April 21, 2017 Reading Time: 2 minutes

How much does import competition affect U.S. jobs? We at AIER have always argued for the benefits of free trade, but it is still worth understanding what happens to those who may lose their jobs because of international competition. The benefits from trade far outweigh the costs, but as we wrote in February, one reason “free trade remains a topic of debate is that while the benefits diffuse widely through society in the form of lower prices and overall economic growth, the harm is sometimes more directly visible.… [T]hose individuals in the U.S. who have been harmed by free trade have formed a powerful voting bloc.” It is therefore worth knowing exactly how many people lose their jobs because of international competition.

One very influential 2013 study estimates that a quarter of the decline in total manufacturing employment between 1990 and 2007 came from Chinese import competition, which translates to about 1.5 million fewer jobs. This is less than the impact of automation in this time period but still a substantial part of the story. This study has rightfully gotten a lot of attention from admirers and critics alike, and several analysts have challenged their methodology and therefore the estimated size of the employment impact.

One recent example is a March 2017 comment by three researchers from UC-Davis and Tsinghua University. They argue that the 2013 study overstates the employment effect of import competition by a factor of two by ignoring the effects of the housing boom. Essentially, the kind of Rust Belt areas hit hardest by import competition also experienced less of a housing boom, and the lower demand for construction jobs should be held partially responsible for the employment declines previously attributed to import competition. Thus, the job losses attributable to trade are closer to 800,000. The original study’s authors respond to this comment by arguing that import competition is driving the measured differences in housing demand in the first place. When workers lose their jobs, they move away or at least don’t look for a bigger house. Both demand for residential housing and for commercial construction drops, thus cutting off one potential career change for displaced manufacturing workers. Therefore, the comment doesn’t change the original paper’s conclusions. Construction might be one avenue explaining how imports affected employment, but import competition is still the root cause.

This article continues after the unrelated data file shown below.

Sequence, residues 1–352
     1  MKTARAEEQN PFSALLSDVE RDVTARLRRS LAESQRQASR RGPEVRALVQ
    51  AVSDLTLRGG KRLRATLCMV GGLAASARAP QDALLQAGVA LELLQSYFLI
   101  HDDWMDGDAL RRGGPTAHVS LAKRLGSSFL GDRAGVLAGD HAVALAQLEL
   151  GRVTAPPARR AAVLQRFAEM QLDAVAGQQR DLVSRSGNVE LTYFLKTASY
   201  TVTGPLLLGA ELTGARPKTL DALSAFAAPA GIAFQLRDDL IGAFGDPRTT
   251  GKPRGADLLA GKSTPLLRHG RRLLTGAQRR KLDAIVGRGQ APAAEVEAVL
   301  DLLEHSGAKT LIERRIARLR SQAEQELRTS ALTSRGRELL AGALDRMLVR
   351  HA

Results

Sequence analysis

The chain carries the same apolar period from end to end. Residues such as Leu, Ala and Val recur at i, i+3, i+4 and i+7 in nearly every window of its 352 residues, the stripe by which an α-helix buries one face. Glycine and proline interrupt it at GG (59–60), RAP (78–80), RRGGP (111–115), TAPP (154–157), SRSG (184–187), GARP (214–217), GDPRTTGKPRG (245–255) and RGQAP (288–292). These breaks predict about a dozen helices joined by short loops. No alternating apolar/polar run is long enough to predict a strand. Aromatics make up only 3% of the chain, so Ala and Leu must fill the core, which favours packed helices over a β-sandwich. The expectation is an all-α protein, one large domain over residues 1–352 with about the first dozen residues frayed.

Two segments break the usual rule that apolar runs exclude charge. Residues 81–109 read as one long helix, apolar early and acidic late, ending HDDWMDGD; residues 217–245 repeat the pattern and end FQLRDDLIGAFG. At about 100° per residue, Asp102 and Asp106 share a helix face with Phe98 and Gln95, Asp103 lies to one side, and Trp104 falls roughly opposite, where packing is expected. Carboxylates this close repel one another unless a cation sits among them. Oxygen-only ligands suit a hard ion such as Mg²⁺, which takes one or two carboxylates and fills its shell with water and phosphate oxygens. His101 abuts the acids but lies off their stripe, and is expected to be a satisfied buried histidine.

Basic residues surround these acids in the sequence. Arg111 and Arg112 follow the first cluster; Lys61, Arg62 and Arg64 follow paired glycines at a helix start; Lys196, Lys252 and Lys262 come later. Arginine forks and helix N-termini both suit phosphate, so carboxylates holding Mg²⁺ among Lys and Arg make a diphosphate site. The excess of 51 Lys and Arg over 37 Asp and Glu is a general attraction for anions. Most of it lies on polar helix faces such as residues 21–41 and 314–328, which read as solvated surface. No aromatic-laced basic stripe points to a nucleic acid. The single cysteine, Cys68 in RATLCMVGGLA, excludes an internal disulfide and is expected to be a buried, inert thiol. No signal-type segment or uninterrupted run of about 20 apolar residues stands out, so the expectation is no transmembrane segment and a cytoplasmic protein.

I find the original study’s authors’ points more compelling and therefore think the 1.5 million number is the best estimate. Of course, factory workers whose plant closes might not care whether they were laid off because of trade, automation, or bad luck. However, for observers evaluating trade policy, knowing how many workers are affected by enacting or reducing trade restrictions is important.

Patrick Coate, PhD

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